This time last year

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My year abroad began in Nanterre, one of the westerly suburbs of Paris. I lived with a French woman and her five-year-old son. In exchange for picking him up from school and looking after him in the evenings until she arrived home, I had a bed and a powerful view of La Défense. The University of Southampton’s Parisian pairing was Univeristé Paris 8, based in the northern suburb of Saint-Denis. I really wasn’t far from England, neither my north-westerly home nor the Sainsbury’s in Saint Denis, Southampton.

It was an odd concept to my European counterparts that in England you can do a degree in Modern Languages. “What do you study them with?” / “Nothing, just the languages” / “But do you do German and History or French and Film?” / “Well, we do modules in that sort of stuff along side the language part” / “Ah so it’s a History and Modern Languages Degree?” / “No, no, just Modern Languages”. The quadri-lingual polyglot of a Greek stood quite silent in front of me. For my Erasmus friends from all over the world, languages were quite an obvious skill and everyone spoke two or three along side their degree of International Relations, Law or arts plastiques.

I felt pointless. Whilst everyone else studied their socks off, trying to make sense of their final year in French, this year meant nothing towards my degree, the requirement being to pass half of the modules. We only had to do 15 credits, each class being five credits. This removed all incentive to do anything. On my days out of uni I’d explore Paris, which I definitely enjoyed but after three months of lazy apathy I decided to get out. I found an internship on indeed.fr in a language school in south-west Paris as a receptionist and client assistant. At the very least, my French will improve was the thought.

I spent a couple of weeks watching Friends in my room, I don’t think binge watching TV is healthy but it reminded me of my childhood. I remember when it was on 164 and then 136, then it swapped from E4 to comedy central. I remember watching it with Ed, I remember watching it by myself. That TV lounge, I used to take in binge food, junk food and watch TV show after TV show. It’s always been escapism, a product of loneliness.

Around the beginning of November I started to write things down. I wrote, “Here begins my consciousness. I know this isn’t the beginning, it’s been here my whole life, but I feel it stab me so strongly, and this feels new. Blinking my eyes in the shade of this autumn, I see the sandstone trail we walked along, I see horse chestnuts and smell Cheshire’s seasons, whichever one I imagine to be in. Do I miss home? I don’t know. I don’t know what I miss or who I am or what I’m doing. I’m here to learn French, yes that’s clear, that’s fine, but how much? Am I supposed to spend my free time in my room writing notes, learning grammar, all that stuff? So I do a bit, I do some French and some German, maybe an hour of each a day, theory and writing, that seems enough, I use the French when I chat to people, I do, I do speak and I do try. It’s the people, they’re both everywhere and nowhere, all at once. It’s November and I thought I would have settled by now. Am I not? I’m keen to find work opt volunteer somewhere like Shakespeare and Company, I might meet some nice people, some people I can love and that might love me, we’ll have the books in common and that’ll be a start. I’m endlessly going for coffees and chatting to people and sometimes it helps. Sometimes it’s depthless and I feel worse than when we started the conversation but other times I can purge my soul and I feel light as a feather. I can’t spend three days Monday to Wednesday cooped up in this house, these walls they’ll crush me hard. Why is this lump lingering in my throat like an anchor pulling my entire self down, attached to these drooping eye-lids.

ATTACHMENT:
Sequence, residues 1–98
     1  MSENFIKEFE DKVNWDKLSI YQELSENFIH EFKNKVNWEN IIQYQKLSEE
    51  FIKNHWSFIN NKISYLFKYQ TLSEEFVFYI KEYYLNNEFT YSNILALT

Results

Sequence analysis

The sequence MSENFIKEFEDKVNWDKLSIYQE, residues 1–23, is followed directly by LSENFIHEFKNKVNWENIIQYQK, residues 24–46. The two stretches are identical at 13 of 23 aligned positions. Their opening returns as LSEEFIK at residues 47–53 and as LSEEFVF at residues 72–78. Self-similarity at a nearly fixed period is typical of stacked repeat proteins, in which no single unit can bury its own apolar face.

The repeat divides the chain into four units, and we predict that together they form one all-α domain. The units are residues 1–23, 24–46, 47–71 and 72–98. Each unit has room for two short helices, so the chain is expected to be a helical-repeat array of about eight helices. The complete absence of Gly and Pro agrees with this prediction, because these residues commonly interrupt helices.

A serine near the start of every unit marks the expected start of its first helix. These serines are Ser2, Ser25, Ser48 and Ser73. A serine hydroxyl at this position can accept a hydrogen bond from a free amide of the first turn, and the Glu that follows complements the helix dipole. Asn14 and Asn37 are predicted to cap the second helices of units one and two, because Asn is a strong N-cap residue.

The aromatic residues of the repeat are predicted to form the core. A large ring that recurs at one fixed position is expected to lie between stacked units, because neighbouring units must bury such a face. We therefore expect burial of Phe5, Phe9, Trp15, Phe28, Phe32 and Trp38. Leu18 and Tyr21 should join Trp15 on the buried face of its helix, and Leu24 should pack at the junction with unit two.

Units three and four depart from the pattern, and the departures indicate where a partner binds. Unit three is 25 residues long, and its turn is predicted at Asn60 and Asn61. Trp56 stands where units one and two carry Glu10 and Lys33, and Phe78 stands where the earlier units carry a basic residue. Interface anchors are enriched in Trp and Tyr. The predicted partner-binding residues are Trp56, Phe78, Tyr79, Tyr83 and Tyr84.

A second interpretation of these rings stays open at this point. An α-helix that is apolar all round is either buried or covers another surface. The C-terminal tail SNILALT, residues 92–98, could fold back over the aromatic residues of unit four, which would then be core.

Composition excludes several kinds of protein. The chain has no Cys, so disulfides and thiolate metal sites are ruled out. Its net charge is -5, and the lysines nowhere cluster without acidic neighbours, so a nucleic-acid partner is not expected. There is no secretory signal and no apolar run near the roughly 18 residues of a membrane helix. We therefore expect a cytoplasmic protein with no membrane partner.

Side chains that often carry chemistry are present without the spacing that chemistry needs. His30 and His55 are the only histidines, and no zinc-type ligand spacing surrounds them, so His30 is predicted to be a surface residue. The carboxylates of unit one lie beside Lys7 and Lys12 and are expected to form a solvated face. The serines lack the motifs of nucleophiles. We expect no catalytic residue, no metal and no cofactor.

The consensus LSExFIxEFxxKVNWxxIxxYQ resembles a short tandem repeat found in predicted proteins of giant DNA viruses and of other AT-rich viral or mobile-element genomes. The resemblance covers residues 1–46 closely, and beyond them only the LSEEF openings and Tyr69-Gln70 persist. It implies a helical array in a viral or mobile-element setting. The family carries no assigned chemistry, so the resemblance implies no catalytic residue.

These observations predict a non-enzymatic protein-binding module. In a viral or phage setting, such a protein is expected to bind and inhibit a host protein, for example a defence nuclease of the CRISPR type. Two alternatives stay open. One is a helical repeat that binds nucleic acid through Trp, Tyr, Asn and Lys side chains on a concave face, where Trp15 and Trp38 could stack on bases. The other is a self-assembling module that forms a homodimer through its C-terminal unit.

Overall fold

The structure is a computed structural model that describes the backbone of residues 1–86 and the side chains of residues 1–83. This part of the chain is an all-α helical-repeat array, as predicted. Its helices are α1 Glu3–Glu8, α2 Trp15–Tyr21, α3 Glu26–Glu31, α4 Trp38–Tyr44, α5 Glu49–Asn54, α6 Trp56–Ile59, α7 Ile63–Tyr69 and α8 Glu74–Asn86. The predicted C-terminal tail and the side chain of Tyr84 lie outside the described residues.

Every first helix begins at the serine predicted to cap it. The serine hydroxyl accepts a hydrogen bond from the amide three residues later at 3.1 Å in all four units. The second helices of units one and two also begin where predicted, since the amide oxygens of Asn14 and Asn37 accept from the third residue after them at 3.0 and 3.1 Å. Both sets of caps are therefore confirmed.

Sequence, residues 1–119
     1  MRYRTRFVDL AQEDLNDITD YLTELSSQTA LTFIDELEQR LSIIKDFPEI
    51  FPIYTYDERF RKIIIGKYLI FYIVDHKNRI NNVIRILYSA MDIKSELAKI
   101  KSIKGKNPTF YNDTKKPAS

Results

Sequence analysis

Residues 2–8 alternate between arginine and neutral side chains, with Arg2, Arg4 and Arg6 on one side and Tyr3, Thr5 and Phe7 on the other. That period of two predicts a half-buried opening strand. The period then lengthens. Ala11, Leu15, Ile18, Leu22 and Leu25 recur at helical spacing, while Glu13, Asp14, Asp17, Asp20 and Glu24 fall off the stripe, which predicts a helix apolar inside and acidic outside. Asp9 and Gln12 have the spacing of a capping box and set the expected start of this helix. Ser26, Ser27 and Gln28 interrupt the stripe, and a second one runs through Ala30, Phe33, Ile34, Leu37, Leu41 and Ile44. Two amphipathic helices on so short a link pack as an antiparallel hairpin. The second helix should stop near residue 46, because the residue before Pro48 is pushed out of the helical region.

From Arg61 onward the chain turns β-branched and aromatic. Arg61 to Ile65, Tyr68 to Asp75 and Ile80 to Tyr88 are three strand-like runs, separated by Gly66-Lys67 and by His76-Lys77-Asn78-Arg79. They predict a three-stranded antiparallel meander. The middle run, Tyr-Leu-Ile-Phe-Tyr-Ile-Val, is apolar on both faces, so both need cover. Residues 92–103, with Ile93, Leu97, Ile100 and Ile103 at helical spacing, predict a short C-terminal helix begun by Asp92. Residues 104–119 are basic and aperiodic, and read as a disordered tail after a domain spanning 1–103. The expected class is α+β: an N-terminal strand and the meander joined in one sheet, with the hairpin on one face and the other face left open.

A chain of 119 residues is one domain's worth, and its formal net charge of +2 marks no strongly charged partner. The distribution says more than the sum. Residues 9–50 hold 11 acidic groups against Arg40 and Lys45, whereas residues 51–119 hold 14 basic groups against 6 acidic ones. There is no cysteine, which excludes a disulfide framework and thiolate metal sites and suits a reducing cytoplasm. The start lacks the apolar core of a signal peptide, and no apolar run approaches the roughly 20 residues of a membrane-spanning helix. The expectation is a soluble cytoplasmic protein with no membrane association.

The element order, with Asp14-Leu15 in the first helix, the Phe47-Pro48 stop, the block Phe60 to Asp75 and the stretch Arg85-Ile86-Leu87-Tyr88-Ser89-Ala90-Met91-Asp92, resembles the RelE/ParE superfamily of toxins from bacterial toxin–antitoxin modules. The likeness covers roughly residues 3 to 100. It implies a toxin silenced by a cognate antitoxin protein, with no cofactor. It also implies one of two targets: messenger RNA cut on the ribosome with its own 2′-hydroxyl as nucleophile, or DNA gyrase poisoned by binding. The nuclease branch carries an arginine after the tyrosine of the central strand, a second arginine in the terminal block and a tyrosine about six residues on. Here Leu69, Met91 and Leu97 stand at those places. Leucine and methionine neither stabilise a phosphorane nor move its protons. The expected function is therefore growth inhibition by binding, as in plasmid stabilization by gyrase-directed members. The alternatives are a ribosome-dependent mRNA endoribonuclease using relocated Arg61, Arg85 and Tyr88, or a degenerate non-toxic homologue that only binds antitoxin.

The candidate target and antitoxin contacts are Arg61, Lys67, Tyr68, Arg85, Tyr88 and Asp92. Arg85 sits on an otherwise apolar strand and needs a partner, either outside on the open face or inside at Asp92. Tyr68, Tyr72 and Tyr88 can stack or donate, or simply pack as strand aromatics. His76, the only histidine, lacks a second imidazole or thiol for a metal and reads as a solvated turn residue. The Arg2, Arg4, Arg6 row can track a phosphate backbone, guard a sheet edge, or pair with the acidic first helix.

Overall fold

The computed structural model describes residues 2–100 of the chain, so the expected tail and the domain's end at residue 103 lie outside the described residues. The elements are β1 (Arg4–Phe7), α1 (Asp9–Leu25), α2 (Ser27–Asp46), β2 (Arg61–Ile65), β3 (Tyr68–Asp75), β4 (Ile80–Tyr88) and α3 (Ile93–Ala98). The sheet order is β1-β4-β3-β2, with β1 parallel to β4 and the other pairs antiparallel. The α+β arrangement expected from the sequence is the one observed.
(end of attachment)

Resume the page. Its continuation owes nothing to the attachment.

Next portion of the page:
I had to tell Z that I’d be leaving. The little boy was finishing his fromage and watching a show. I told her in English so as not to bother him, yet. I leaned across the counter in the kitchen, across the barrier she’d put up between us since day one. She wouldn’t really take no for an answer, suggesting methods and ways to make the arrangement work. This made the reality much harder. I shouldn’t have gotten invested with a family, it got tough and I quit, if you don’t like where you are in life then change it, you are not a tree, unless you are affecting other trees, I’m scared I’ve stunted the growth of a beautiful little sapling. Even though I’d found an apartment to move into at the end of November I’d stay for another month trekking from Belleville to Nanterre every evening to cherche le petit à l’école. It’s the least I could do. I moved in with S, a studio apartment at Jaures and it’s all we needed: kitchen, bathroom and the room we lived in with two beds, a sofa and a desk and I’d found a job to start after Christmas.

Looking back on my time in Nanterre, it was bitter sweet, as all experiences are. I had a lot of freedom in the day so I’d run and read and see friends and Paris, it was the constrained evenings that go to me, especially as the days grew darker. Dinner in my room every night, smells in a house that is not mine. Some nights she wouldn’t get home until ten and I’d cancel on a friend again. But I can bitch and moan all day about this. It’s not worth a minute. How could I have known that no evenings in a new city would take a toll, in a flat an hour from Paris. I don’t regret the decision, because it’s brought me to where I am now and I loved the autumn leaves in Mont Valerian, I liked reading on the bus into Paris and I needed the time to think.

 

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1 thought on “This time last year

  1. This makes me want to hug you, Lulu. But at least you’re collecting research for a future book!

    Like

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